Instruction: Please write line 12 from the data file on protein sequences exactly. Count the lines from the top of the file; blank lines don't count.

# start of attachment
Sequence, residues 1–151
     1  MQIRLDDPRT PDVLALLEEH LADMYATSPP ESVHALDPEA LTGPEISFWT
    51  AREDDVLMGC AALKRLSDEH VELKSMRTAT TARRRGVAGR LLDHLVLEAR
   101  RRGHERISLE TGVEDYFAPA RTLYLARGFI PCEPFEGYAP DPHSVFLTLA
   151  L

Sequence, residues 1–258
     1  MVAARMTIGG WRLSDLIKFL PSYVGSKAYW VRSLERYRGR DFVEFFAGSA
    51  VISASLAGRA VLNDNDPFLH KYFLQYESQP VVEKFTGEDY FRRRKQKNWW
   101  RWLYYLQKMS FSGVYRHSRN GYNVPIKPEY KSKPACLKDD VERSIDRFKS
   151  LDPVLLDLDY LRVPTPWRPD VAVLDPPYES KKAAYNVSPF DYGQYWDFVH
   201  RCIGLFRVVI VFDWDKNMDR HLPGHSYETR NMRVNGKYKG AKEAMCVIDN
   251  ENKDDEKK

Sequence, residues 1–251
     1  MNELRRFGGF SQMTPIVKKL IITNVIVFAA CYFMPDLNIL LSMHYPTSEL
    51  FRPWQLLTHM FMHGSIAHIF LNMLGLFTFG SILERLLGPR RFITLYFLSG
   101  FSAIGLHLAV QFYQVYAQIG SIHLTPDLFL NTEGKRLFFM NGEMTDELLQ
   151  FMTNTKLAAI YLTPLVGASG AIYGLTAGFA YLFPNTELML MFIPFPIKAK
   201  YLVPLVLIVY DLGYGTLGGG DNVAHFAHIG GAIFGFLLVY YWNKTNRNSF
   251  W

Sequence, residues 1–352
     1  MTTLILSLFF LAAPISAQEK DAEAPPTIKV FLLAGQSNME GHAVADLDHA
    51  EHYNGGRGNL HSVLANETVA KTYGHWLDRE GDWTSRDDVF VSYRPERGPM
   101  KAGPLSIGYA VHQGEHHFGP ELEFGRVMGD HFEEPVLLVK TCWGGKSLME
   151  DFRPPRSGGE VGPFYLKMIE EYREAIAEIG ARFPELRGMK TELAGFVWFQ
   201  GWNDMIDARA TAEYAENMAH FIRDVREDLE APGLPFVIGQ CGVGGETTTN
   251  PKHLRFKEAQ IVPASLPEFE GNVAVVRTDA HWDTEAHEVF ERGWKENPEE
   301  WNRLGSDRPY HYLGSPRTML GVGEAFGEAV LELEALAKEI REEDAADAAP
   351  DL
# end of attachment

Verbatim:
   251  ENKDDEKK